Meet John, Ellie and Emma Brems and their parents Mindy and Bob.  The kids are Connections Academy students.  One room in their house is their classroom-at-home.  Here is a real world example of one family’s successful interaction with online learning.  Connections Academy will offer courses to Georgia students beginning this fall.

(Mike Klein is Editor at the Georgia Public Policy Foundation)

May 2, 2011 Posted by | Uncategorized | , , , , , , , | Leave a comment

Gwinnett’s New Online Campus High School Prepares for August Launch

Mike Klein

Increasingly, learning happens anytime and anywhere. Georgia’s largest school system will launch an entirely online high school in August.   And the General Assembly might vote next week to create a new statewide clearinghouse for online content supplied by school districts.

Gwinnett County has 42,000 high school students. This fall Gwinnett will launch an Online Campus high school for 125 students with expansion already planned into middle and lower grades. This new school expands an ambitious online program that began eleven years ago.

“Our interest level for online courses has grown over 100% every year,” said Gwinnett associate superintendent Steven Flynt. “If we look at how the online program has grown, we’ve served over 30,000 students. This past year we had over 5,000 students enrolled in at least one class.”

The International Association for K-12 Online Learning (iNACOL) predicts 50% of all high school content will be taught online within eight years. “Fast Facts About Online Learning” says online courses are available in 48 states and 27 have statewide full-time online schools.

“Virtual schools are where we are going. I think we all know that,” Georgia state Senator John Albers said during a recent state capitol education committee meeting. “It’s not leading edge anymore. It’s today’s technology. We’ve got to find a way to get kids through school. If they need to work part of the day, they can go to school online at whatever time of day it makes sense.”

Most Georgia public education students … there are 1.65 million … will always remain in traditional classrooms where some will have access to completely online or blended instruction. But faced with high quality competition from online education companies, Georgia districts are starting to put more aggressive emphasis on cyber learning strategies.

Forsyth County opened iAchieve Virtual Academy this year with about 130 online students in grades 6-to-12. Students need high speed internet access and their own computer. Courses are approved by the district and the state. Academy graduates will earn a Forsyth diploma.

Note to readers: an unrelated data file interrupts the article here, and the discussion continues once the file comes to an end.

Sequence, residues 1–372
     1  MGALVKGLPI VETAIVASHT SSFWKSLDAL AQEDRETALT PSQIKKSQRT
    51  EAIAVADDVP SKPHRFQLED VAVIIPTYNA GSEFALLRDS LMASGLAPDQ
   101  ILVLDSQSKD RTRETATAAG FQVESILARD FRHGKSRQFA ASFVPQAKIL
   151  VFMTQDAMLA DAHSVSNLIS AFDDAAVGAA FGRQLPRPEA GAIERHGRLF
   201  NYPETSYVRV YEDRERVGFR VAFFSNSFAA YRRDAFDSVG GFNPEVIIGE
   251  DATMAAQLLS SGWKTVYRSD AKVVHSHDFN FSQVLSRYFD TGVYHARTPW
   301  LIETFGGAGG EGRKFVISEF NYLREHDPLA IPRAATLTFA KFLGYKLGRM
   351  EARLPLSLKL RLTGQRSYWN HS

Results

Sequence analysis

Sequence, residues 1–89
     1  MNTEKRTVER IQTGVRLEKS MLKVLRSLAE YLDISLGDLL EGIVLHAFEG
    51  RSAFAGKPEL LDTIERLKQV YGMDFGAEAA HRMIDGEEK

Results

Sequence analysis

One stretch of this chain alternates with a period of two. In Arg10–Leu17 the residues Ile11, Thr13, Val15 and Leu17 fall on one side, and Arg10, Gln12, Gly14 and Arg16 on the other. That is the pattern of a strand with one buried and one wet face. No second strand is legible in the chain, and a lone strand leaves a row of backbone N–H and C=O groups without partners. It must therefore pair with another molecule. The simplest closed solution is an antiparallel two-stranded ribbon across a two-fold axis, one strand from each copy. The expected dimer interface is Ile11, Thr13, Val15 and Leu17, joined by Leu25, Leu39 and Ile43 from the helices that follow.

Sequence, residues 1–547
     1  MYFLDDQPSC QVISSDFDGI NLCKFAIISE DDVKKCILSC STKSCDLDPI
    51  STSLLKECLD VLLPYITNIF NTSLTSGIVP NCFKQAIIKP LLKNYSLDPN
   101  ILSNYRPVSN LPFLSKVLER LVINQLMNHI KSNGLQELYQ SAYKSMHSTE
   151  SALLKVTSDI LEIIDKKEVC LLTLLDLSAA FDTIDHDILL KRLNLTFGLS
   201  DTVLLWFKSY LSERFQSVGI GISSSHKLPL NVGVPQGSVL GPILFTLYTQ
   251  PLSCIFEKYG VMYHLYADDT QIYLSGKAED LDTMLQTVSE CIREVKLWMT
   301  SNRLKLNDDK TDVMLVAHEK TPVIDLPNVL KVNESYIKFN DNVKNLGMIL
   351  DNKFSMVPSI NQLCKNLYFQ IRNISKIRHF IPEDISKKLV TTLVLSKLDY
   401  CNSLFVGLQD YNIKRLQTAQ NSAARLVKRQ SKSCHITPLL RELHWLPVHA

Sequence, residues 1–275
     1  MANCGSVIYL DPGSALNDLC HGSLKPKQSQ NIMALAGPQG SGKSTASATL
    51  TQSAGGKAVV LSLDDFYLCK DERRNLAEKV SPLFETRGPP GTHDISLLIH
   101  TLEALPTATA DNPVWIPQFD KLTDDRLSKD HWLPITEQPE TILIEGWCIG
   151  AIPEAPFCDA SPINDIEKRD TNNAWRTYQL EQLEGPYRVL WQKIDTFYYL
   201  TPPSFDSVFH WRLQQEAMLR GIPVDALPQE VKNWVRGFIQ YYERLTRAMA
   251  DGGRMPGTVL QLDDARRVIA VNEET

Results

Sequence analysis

Gwinnett is widely respected for innovation. This year the district received the $1 million Broad Prize for urban education excellence from the Eli and Edythe Broad Foundation.

Christopher Ray is a 17-year veteran of Gwinnett schools, and for the past seven years Ray has been an elementary school principal. Ray was selected as Online Campus high school principal in January. Student applications for the new online high school were due the end of last week.

Ray said now “the real fun begins, looking at the students who will be with us next year, looking at the courses we need to offer. Are there courses that we need to develop before August? There are no problems. There are great opportunities. It’s like a big chess game. If you make one move, what are the implications and the repercussions?”

With 160,000 total students, Gwinnett is the state’s largest system. The number of entirely online students is expected to increase annually. Middle school courses are planned in fall 2012 followed by third, fourth and fifth grade upper elementary online curriculum one year later.

Associate superintendent Flynt described starting the online high school as “getting down into the weeds. You need to look at the concept and the big picture items but you can’t miss the details.” Serious planning began two years ago. Public announcement was held until January, Flynt said, because, “We wanted to make sure we had everything in order.”

Gwinnett will combine state-approved curriculum with courses from Desire2Learn, the Canadian company that is a major online player. Online students will take all state tests that are required for traditional high school students. They will earn a Gwinnett County diploma, no different from the diploma earned by brick-and-mortar students.

Ray said Gwinnett will combine existing school district instructors with adjunct faculty, and most will have previous experience teaching in Gwinnett schools. Instructors will be provided with cell phones so they can maintain pupil contact. Students must provide a computer, but Ray said students who cannot afford one will be assessed for help on an individual need basis.